Wine Time 1: Cotes du Rhone

I’ve made other attempts at blogging: a friend and I blogged about restaurants (expensive!), I blogged about Personal Finance (after the restaurants). My last blog was actually about wine, that’s how much I love it. I was learning a lot, and then… (wham!)… I met my now-husband.

We met at a party one night, and the next I was in a relationship. There’s more to it than that (of course!), but the short of it is that my wine blogging hobby fell to the wayside for a couple of years, while I juggled other things. Whoops.

I actually kept the bottle of the wine I was drinking the night we met for months, not because I was being sentimental, but because I’d hoped to research it, and never did. Damn.

I am resolved to pick up the hobby again. Without further ado, here is tonight’s Cotes du Rhone!

cotes du rhone wine

Why yes, that is the same wineglass that Olivia Pope drinks from on Scandal!


And yes, if she were my friend, I would have un-friended her years ago, when she kept on with a married man. I actually stopped watching the show because I couldn’t handle she and Fitz anymore (yuck). It was tough: I still look at Olivia Pope fashion images, and sometimes actually salivate when I see the coats.

My clothes are nice but my boyfriend is a jerk!
I have great taste in clothes but terrible taste in men. Go figure.

I can almost feel the fabric of that cream, wide-lapelled wool coat on the right. It is gorgeous, kind of like the slight blackcurrant taste in this affordable red:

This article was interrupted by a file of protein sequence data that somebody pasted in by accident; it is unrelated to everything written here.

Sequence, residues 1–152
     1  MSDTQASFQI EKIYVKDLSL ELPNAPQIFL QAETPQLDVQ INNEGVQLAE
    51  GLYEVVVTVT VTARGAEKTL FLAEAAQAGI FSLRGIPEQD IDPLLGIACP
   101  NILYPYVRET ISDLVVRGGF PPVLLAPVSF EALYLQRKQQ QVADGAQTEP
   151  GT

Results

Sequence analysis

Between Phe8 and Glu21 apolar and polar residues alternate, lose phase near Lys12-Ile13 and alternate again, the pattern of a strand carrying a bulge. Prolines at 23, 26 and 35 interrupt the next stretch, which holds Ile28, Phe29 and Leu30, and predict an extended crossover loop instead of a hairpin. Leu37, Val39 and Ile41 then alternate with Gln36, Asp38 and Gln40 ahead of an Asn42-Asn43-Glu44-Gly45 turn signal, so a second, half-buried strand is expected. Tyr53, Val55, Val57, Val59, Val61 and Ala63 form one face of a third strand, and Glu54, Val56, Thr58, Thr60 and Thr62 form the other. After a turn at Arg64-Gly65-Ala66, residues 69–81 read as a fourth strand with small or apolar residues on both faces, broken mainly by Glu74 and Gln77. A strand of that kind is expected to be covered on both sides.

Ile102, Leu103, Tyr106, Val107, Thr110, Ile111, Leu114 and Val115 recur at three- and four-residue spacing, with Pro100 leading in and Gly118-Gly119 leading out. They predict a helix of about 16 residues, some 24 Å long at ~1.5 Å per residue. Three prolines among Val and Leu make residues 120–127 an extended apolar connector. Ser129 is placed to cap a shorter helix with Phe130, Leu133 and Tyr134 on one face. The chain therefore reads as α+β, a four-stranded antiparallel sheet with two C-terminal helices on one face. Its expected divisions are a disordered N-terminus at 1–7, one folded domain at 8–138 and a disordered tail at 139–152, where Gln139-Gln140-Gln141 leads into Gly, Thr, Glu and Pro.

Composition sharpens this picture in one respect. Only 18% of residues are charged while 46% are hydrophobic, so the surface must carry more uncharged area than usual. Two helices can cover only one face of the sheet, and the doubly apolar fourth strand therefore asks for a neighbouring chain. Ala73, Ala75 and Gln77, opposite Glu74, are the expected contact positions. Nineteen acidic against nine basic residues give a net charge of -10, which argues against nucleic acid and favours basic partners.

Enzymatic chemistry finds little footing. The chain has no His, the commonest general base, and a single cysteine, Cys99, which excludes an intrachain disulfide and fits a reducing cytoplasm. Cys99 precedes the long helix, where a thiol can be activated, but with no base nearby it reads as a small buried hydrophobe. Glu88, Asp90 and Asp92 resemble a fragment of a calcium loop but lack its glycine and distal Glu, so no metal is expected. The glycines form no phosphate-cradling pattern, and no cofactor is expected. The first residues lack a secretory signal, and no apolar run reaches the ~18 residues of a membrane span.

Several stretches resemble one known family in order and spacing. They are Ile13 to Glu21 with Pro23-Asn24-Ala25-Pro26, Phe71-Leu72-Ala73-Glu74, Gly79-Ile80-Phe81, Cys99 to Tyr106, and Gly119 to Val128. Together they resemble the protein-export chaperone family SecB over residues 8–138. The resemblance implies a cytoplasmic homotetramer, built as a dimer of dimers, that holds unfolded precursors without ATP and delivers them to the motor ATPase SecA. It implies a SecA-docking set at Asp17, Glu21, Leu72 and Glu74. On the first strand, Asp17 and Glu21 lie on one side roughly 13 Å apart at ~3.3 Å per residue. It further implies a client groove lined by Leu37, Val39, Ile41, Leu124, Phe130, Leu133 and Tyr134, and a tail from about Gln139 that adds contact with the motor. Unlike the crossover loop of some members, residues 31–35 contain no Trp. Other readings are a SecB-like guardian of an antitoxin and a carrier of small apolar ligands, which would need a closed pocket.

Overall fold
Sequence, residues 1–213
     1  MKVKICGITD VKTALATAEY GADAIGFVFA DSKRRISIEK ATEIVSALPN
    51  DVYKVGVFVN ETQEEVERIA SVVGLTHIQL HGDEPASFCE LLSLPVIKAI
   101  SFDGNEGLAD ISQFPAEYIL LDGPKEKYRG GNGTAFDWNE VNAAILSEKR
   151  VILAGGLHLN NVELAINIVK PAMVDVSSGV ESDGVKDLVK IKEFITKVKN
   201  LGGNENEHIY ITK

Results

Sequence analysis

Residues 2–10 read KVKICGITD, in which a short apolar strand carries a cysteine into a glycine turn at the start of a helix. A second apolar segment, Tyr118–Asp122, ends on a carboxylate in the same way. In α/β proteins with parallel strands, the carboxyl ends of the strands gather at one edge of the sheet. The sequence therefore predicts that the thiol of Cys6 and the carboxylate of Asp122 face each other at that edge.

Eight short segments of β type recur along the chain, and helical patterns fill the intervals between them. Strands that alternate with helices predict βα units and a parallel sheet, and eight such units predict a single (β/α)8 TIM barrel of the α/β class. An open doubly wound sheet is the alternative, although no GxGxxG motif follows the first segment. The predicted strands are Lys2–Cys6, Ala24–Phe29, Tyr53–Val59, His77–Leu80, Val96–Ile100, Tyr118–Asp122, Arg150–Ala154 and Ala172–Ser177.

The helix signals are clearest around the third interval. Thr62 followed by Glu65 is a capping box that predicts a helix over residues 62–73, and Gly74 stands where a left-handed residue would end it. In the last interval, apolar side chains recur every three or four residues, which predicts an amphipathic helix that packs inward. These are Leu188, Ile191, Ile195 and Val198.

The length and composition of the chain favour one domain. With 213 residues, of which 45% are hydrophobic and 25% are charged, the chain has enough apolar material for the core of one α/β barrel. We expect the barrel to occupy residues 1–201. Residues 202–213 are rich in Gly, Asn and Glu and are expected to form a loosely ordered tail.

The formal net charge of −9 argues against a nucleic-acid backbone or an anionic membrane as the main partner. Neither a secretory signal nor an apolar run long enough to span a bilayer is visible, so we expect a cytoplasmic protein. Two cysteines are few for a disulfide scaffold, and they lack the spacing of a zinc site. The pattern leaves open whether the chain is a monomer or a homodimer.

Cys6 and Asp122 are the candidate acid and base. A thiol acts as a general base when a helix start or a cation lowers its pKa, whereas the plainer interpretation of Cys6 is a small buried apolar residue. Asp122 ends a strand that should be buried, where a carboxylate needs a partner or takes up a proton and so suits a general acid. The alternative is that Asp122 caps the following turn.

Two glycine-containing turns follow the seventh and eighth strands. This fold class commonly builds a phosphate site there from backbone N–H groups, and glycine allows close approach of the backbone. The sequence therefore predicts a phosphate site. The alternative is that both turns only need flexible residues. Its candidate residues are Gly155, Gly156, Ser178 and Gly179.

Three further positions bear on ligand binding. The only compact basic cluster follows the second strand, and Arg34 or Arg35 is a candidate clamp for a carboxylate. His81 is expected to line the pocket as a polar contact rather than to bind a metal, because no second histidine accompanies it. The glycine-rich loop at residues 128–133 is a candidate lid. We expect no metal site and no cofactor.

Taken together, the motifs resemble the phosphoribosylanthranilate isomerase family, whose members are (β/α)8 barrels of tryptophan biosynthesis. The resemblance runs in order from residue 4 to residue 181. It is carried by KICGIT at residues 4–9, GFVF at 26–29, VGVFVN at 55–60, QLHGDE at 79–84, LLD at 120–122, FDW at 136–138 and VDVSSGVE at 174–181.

Like all French Wines, the wine is labelled by region, rather than grape. The grapes for this wine were grown near the Rhone, which flows into the Mediterranean from the Alps via France, and should not be confused with another European river, the Rhine, which flows from the Alps to the North Sea, through Germany.

I absolutely cannot taste the Alps in this wine, refreshing as it may be. Most of the wines from this region are red, and are a blend of Grenache or Syrah: this red is 70% Grenache.

If it tastes similar to Spanish reds, not only do you have a good sense of taste, but you’re also correct. Grenache, or Garnacha, was Spain’s most common red wine grape for a time (now it’s Tempranillo).

It’s a little jammy and sweet, which is what I wanted – not sweet like a riesling or gewurtztraminer (which are very sweet whites), but sweet like a zinfandel or a malbec. (Dry reds have no sweetness, like cab franc or bordeaux).



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